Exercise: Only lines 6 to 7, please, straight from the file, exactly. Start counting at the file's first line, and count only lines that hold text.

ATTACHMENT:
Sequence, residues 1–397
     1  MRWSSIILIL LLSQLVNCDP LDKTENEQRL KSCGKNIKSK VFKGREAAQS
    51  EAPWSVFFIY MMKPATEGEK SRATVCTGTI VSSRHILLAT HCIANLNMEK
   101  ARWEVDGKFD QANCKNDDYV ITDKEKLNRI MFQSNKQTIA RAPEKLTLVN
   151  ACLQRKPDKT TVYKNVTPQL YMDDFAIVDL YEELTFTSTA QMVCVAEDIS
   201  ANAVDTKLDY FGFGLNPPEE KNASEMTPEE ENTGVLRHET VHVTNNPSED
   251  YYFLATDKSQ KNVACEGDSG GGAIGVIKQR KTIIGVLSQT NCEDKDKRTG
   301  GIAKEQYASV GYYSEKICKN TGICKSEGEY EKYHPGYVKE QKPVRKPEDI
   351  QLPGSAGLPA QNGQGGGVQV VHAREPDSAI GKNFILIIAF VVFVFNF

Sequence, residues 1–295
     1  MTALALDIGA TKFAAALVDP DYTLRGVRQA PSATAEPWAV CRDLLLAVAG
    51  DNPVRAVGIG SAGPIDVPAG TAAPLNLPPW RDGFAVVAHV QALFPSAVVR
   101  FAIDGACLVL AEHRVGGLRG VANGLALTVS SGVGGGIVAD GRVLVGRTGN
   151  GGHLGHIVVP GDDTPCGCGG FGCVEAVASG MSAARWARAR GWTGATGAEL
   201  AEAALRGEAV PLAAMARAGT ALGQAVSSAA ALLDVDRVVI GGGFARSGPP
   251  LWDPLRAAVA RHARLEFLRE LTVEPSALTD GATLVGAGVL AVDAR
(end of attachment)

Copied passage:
   201  ANAVDTKLDY FGFGLNPPEE KNASEMTPEE ENTGVLRHET VHVTNNPSED
   251  YYFLATDKSQ KNVACEGDSG GGAIGVIKQR KTIIGVLSQT NCEDKDKRTG